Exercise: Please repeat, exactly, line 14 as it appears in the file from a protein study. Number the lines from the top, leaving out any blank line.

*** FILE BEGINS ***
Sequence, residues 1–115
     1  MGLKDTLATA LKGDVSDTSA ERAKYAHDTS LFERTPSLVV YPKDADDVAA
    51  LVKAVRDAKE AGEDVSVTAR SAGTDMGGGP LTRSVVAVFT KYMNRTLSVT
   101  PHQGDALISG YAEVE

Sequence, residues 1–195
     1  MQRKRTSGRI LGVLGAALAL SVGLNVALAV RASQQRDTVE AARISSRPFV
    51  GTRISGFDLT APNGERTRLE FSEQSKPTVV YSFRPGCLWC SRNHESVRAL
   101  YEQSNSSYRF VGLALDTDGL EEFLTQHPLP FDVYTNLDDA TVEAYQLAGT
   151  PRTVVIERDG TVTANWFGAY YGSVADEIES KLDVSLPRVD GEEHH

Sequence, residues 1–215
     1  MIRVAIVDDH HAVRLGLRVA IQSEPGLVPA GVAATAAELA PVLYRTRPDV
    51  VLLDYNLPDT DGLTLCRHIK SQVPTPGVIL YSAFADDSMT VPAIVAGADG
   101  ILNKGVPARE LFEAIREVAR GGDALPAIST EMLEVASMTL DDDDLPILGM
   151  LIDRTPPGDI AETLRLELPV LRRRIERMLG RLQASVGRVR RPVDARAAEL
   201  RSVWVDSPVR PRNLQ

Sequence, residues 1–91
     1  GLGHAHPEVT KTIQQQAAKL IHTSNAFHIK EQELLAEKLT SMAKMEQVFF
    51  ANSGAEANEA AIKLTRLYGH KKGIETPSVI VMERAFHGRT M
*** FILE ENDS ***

   151  LIDRTPPGDI AETLRLELPV LRRRIERMLG RLQASVGRVR RPVDARAAEL